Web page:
Astolfi, J.-P., Darot, E., Ginsburger-Vogel, Y. & Toussaint, J. (2008). Mots-clés de la didactique des sciences. Repères, définitions, bibliographies. Pratique pédagogique. Bruxelles: De Boeck Université. Demeuse, M, & Strauven, C. (avec la collaboration de Roegiers, X.) (2006). Développer un curriculum d’enseignement ou de formation. Des options politiques au pilotage. Bruxelles: De Boeck Université, Collection « Perspectives en Education et Formation ». Driver, R. & Oldham, V. (1986). A constructivist approach to curriculum development in science. Studies in Science Education 13, 5-12. Fashola, O. & Slavin, R. (1998). Schoolwide reform models : What works ? Phi-Delta-Kappa, 79 (5), 370-378. Grasha-Riechman, F. (2002). Teaching With Style : A practical guide to enhancing learning by understanding teaching & learning styles. University of Cicinnati: Alliance Publishers. Keefe, J.W. (1979). Learning style: an overview. Dans James W. Keefe (Ed.). Student learning styles: diagnosing and prescribing programs, Reston, VA: National Association of Secondary School Principals (NASSP), 1-17. Kolb, D. (1984). Experiential Learning: experience as the source of learning and development. New Jersey: Prentice-Hall. Leach, J. & Scott, P. (2002). Designing and evaluating science teaching sequences: An approach drawing upon the concept of learning demand and a social constructivist perspective on learning. Studies in Science Education 38, 115-142. Lijnse, P.L. (2000). Didactics of science: The forgotten dimension in science education research? In R. Millar, J. Leach & J. Osborne (Eds.), Improving science education – The contribution of research (pp. 308-326). Buckingham: Open University Press. Soetewey S., Duroisin, N. & Demeuse M. (2011). Le curriculum oublié: Analyse comparée des programmes de sciences en Belgique francophone. Revue Internationale d'Education de Sèvres, 56, (page 123-133). Taconis, R, Ferguson-Hessler, M.G.M. & Broekkamp, H. (2001). Teaching science problem solving: An overview of experimental work. Journal of Research in Science Teaching 38, 442-468.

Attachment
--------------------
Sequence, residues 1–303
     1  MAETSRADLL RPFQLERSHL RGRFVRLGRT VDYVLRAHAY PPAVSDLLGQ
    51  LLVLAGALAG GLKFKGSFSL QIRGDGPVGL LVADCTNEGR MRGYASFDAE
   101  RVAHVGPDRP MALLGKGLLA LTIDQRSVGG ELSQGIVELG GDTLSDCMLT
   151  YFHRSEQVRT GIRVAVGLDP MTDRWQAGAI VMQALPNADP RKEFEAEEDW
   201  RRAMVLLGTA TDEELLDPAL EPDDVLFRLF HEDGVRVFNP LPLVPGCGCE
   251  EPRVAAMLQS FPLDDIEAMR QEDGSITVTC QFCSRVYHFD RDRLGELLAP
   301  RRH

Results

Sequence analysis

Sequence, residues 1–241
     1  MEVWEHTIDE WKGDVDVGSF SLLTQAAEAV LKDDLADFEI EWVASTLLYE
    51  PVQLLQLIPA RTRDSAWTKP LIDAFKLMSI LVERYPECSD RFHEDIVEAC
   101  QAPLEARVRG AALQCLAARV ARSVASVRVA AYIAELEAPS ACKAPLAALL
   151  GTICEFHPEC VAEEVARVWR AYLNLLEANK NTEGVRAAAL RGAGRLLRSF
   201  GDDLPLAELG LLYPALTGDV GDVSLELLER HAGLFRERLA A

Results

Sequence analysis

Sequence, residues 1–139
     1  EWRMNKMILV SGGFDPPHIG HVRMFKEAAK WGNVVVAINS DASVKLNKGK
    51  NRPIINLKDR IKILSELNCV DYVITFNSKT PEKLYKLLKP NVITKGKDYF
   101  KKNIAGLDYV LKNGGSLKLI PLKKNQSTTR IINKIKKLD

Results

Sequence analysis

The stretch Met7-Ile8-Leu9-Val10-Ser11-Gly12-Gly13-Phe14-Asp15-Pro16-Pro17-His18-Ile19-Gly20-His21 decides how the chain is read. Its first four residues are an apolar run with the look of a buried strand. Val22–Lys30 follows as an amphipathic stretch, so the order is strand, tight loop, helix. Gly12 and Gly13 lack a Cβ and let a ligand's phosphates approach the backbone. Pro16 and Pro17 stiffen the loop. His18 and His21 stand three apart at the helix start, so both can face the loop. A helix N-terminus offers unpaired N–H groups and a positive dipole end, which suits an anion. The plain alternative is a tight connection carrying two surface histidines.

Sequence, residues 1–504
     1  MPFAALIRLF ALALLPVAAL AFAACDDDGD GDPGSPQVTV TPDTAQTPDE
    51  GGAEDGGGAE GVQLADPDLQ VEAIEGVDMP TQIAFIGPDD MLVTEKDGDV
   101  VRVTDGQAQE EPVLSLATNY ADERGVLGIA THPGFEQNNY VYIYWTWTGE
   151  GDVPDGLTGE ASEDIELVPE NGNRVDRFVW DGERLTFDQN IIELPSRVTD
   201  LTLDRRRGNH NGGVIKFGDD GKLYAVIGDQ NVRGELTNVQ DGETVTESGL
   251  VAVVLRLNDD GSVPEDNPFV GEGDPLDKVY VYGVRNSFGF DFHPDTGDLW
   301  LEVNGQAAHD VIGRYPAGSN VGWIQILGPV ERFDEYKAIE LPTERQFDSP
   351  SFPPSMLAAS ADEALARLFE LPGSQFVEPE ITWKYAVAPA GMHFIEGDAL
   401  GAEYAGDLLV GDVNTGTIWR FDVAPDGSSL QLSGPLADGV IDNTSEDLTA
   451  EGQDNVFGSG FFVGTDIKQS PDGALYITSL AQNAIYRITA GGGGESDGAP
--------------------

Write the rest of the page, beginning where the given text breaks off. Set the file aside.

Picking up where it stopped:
00. Central Events (Keynotes, EERA-Panel, EERJ Round Table, Invited Sessions)
Network 1. Continuing Professional Development: Learning for Individuals, Leaders, and Organisations
Network 2. Vocational Education and Training (VETNET)
Network 3. Curriculum Innovation
Network 4. Inclusive Education
Network 5. Children and Youth at Risk and Urban Education
Network 6. Open Learning: Media, Environments and Cultures
Network 7. Social Justice and Intercultural Education
Network 8. Research on Health Education
Network 9. Assessment, Evaluation, Testing and Measurement
Network 10. Teacher Education Research
Network 11. Educational Effectiveness and Quality Assurance
Network 12. LISnet - Library and Information Science Network
Network 13. Philosophy of Education
Network 14. Communities, Families and Schooling in Educational Research
Network 15. Research Partnerships in Education
Network 16. ICT in Education and Training
Network 17. Histories of Education
Network 18. Research in Sport Pedagogy
Network 19. Ethnography
Network 20. Research in Innovative Intercultural Learning Environments
Network 22. Research in Higher Education
Network 23. Policy Studies and Politics of Education
Network 24. Mathematics Education Research
Network 25. Research on Children's Rights in Education
Network 26. Educational Leadership
Network 27. Didactics – Learning and Teaching
The programme is updated regularly (each day in the morning)
- Search for keywords and phrases in "Text Search"
- Restrict in which part of the abstracts to search in "Where to search"
- Search for authors and in the respective field.
- For planning your conference attendance you may want to use the conference app, which will be issued some weeks before the conference
- If you are a session chair, best look up your chairing duties in the conference system (Conftool) or the app.